Dawn Reader

Dawn Reader
from Open Door Coffee Co.; Hudson, OH; Oct. 26, 2016

Wednesday, July 3, 2013

Spoon River Middle School: 23

Mercury Swift 

Free Writing

Mostly I am furniture.  I stand, like a lamp.  Or I sit, like a chair.  And people don’t really notice me too much, not until they need me for something.  And that’s okay with me.
I didn’t want to be in a study hall.  So when they came around to ask if anyone wanted to work in the office that period, I volunteered.  No one else did.  That’s because in study hall there are kids who want to work (a few), to mess around (a lot), to sleep (a lot), to read (a few).  And almost all of them would rather be with their friends than in the office with a bunch of adults who might at any minute send you somewhere to look for someone, or to do something you don’t really want to do.
Because I am furniture most of the period I’m here, I see things and hear things that most kids don’t.  It can be interesting.  Take the other day …
A mother brought a new kid in the office to register, right at the beginning of first period.  She was in a hurry, kept looking at her watch, but she filled out the papers and then turned to her son: “Have a good day, Brian, and I’ll see you at home.  Okay?”  She bent to kiss him but he turned his head aside.  I smiled.  He’d done just what I would do—just what about any kid would do in that situation.  Who wants a big kiss right there in the office?  Not me.  Well … depends, I guess.
No one else was in the office—all the homeroom stuff had been done already, attendance slips sent down.  Oh, well, Craig Burns was there, waiting in his wheelchair.  He doesn’t have a first-period class, so he just sits there every day and waits—for what, I’m not sure.  It’s sad about Craig.  I’d say something to him.  But I don’t know what.  He has a little keyboard that he types stuff on with his one hand that still works.  He has a little pocket recorder, too.  Sometimes he turns in digital recordings instead of writing.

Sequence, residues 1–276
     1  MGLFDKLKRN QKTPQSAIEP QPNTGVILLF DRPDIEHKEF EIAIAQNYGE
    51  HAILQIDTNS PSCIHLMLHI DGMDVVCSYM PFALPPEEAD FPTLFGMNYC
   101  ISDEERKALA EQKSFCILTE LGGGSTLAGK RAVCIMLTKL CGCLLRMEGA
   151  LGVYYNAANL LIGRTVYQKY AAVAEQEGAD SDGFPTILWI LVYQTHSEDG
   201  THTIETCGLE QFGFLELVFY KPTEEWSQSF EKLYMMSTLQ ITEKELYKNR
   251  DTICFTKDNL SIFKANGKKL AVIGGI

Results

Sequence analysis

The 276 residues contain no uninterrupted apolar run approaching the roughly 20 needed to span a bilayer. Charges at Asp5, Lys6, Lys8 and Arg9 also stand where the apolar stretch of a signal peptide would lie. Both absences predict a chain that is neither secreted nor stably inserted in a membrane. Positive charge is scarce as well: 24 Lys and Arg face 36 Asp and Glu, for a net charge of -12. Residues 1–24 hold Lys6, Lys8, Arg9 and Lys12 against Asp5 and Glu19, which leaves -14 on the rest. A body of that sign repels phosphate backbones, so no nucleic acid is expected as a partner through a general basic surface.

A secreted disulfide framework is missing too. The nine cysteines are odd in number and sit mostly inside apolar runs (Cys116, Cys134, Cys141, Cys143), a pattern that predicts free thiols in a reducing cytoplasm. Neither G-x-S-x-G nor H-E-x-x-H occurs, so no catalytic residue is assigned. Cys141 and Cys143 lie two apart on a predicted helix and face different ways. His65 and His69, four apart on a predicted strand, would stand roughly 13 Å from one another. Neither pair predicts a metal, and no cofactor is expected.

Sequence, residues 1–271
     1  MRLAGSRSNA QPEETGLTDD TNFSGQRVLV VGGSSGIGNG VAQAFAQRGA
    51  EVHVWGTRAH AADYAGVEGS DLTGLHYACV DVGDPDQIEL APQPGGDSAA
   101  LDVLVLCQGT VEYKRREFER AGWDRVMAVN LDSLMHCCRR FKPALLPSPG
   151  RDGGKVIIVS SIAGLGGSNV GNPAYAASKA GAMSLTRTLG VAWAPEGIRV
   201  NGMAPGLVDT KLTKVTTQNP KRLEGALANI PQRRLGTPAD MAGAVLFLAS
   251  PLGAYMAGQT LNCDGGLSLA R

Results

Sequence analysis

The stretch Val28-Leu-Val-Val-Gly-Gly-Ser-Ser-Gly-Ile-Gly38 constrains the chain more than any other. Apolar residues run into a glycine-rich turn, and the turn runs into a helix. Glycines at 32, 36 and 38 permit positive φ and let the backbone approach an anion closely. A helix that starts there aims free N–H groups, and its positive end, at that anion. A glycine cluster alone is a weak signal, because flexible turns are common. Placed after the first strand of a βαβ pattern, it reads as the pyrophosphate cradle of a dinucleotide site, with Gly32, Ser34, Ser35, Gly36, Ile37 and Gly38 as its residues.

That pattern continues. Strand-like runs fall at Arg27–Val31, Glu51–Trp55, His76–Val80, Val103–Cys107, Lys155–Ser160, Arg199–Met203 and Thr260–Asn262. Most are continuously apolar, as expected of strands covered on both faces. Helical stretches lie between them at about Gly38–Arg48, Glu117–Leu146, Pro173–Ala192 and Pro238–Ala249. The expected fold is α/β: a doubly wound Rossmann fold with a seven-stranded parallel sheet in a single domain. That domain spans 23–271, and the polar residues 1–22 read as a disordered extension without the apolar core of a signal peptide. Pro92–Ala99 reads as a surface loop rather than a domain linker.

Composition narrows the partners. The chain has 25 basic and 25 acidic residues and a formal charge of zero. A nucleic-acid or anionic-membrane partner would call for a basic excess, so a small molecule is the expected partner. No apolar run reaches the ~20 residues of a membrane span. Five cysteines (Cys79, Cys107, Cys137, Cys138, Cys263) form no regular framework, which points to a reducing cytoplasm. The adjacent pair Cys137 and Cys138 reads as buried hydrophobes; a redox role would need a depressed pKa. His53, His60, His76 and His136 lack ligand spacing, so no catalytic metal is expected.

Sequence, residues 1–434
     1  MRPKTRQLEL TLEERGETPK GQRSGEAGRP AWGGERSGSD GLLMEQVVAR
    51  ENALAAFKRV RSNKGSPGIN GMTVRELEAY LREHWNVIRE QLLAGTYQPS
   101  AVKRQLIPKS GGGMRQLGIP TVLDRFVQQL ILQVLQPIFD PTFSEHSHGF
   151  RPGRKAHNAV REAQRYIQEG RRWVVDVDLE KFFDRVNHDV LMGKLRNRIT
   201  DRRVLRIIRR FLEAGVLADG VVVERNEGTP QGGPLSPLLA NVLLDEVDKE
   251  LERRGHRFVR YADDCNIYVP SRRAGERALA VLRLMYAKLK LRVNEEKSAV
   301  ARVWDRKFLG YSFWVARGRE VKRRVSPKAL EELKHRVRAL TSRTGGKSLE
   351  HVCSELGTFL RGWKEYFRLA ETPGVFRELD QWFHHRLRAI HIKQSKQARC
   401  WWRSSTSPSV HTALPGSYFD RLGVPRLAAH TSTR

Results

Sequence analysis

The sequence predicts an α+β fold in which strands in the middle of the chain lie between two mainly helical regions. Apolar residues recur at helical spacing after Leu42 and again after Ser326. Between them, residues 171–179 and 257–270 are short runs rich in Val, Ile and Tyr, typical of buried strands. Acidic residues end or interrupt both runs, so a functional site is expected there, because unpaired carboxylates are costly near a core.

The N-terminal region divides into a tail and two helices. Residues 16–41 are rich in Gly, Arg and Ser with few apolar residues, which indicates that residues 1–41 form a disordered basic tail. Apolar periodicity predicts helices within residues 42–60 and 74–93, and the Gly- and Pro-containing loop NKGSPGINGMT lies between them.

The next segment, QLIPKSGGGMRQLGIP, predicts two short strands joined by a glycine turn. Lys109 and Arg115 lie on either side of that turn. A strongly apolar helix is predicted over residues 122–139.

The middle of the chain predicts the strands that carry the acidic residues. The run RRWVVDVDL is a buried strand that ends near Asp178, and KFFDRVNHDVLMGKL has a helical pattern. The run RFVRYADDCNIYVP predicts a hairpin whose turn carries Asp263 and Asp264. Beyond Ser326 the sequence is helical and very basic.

Anyway, Mrs. Keyz, the main secretary, she looked over at Brian—that’s the new kid—and said, “Welcome to Spoon River Middle School, Mr.”—she looked at the card—“Novell.  Mr. Brian Novell.”
Brian just stared at her, and then something happened I’d never seen before.  Mrs. Keyz looked down!  She couldn’t return his look.  Slowly, Brian swung around to see me sitting there in a chair, waiting for an errand.  “What are you looking at?” his eyes demanded to know.  My eyes dropped, joining Mrs. Keyz’s.
Then I heard her voice again.  “Brian,” she said, dropping the “Mr.” part, which I always thought was pretty dumb on her part, and on anyone’s part, really, calling a kid “Mr.” or “Miss.”  One teacher of mine, in sixth grade, a math teacher, Mr. Morpheus, did it all year long.  “Mr. This” and “Miss That.”  At first it was just weird, then it was annoying, and then no one cared, no one even thought about it, mostly because the class was so boring that we didn’t even hear what Mr. Morpheus was saying half the time.
Brian swung back around to look at Mrs. Keyz.  “We have one more little thing you need to do before we get you your schedule.”
Brian never said anything.  Just looked.
She dug in a folder and came out with a sheet of paper.  I knew what it was.  Instructions for the writing thing he had to do—the one every new kid has to do.
“What’s that?” asked Brian.